Finding Fixes Locally

At home for some Easter celebrating, getting caught up on local news.

The realities of our fractured system require constant innovation, workarounds if you will, to deliver care to all.

In Charles Leadbeater’s TED presentation I posted earlier, he speaks of the difficulties of innovation in larger organizations. Smaller organizations’ ability to innovate is often necessary for survival.

To combat the problems associated with uninsured patients and their potential eligibility for financial assistance, a trio of organizations have come together to make this scenario (a 23 page application!) easier for patients:

A joint effort from ACMC, Avera Marshall and Lincoln, Lyon and Murray Human Services has resulted in a financial assistance office inside Avera Marshall and right next to the ACMC clinic attached to the medical center. The office will help patients and their families complete the applications to determine eligibility for assistance.

I am especially fond of the localized solution and the ability for citizens, government, and non-governmental entities to work together to find a fix. Best quote: “The cooperation between a governmental agency, a non-profit hospital and private clinic may be the only such model in the state.”

Medical Students, Residency Programs, and Incentives

The New York Times has an article today (in the Fashion and Style section no less) on the competition that medical students encounter for high-paying specialties—specifically dermatology and plastic surgery.

We all know the issue, but just in case:

“It is an unfortunate circumstance that you can spend an hour with a patient treating them for diabetes and hypertension and make $100, or you can do Botox and make $2,000 in the same time,” said Dr. Eric C. Parlette, 35, a dermatologist in Chestnut Hill, Mass., who chose his field because he wanted to perform procedures, like skin-cancer surgery and cosmetic treatments, while keeping regular hours and earning a rewarding salary.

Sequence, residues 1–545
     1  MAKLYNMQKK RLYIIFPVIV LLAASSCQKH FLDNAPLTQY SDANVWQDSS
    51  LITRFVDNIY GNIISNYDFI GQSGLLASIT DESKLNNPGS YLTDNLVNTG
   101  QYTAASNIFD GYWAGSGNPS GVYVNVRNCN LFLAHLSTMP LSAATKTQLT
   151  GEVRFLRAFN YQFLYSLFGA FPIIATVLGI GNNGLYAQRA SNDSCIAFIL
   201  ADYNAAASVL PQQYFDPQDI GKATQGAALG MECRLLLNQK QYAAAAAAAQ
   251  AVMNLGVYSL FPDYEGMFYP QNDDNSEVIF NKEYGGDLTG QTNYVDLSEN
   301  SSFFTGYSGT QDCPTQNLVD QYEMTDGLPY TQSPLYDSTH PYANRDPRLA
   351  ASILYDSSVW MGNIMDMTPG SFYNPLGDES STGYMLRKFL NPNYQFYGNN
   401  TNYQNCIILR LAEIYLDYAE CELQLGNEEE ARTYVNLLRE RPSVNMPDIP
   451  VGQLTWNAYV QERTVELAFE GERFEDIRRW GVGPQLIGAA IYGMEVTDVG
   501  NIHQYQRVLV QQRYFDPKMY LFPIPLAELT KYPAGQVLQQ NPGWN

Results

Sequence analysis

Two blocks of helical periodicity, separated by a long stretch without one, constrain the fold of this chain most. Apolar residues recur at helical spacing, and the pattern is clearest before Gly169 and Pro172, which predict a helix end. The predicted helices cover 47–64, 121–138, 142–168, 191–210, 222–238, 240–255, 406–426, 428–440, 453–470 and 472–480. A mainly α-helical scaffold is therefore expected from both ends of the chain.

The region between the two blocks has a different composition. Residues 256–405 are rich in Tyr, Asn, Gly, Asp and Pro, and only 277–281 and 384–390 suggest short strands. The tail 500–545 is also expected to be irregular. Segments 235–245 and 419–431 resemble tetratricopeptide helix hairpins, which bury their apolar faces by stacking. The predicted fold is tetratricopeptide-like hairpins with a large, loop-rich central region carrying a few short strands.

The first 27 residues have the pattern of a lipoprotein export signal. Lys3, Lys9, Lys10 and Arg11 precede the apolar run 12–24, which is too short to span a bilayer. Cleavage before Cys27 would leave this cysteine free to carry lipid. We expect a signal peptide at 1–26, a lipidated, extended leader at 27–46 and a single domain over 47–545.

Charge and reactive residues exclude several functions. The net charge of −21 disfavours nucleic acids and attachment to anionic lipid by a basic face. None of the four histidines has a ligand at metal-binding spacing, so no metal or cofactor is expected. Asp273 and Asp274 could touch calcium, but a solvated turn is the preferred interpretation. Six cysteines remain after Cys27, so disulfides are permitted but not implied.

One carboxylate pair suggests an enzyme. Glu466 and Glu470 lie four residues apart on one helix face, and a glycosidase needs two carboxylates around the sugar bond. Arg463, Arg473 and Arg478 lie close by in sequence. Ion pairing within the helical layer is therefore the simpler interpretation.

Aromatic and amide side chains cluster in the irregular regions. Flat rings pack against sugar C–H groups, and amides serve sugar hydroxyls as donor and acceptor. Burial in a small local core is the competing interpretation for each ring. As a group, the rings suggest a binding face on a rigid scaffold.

Medical school professors and administrators say such discrepancies are dissuading some top students at American medical schools from entering fields, like family medicine, that manage the most prevalent serious illnesses. They are being replaced in part by graduates of foreign medical schools, some of whom return to their home countries to practice.

Although out of context, this quote is quite scary: “Last year, the school (Emory University) enlarged its incoming class, hoping more students would specialize in the major diseases and preventative care.”

With medical students leaving school with debt loads in the hundreds of thousands of dollars, “hoping” will do nothing.  Changing incentives (reimbursements, loan forgiveness, etc.) will.

The Patient that Co-Produces Health Care

The customer as a co-producer has been around for some time: deposits at the ATM, self checkout at Wal-Mart, cut down your own Christmas tree…

The self check-in at the airport model has arrived in hospital emergency departments, here in Dallas, here in New York, among others.

I have been reading about Charles Leadbeater and his new book “We Think.” Way back in 2005, Mr. Leadbeater spoke at TED, and thanks to TED’s willingness to share, we can watch what he said:

http://static.videoegg.com/ted/flash/loader.swfHe talks about collaborative communities and their impact on innovation. Mr. Leadbetter especially caught my attention near the very end of his talk:

If you are a games company (online software), if you have got one million players in your game you only need one percent of them to be co-developers contributing ideas and you’ve got a development work force of 10,000 people. Imagine you could take all the children in education in Britain and one percent of them were co-developers of education, what would that do to the resources available to the education system? Or if you got one percent of the patients in the NHS to in some sense be co-producers of health?

The reason why despite all the efforts to cut it (collaborative co-production) down, to constrain it, to hold it back, why these open models will still start emerging with tremendous force is that they multiply our productive resources and one of the reason’s they do that is that they turn users into producers, consumers into designers.

The patient as a co-producer? This has some intriguing possibilities. And then I came across this…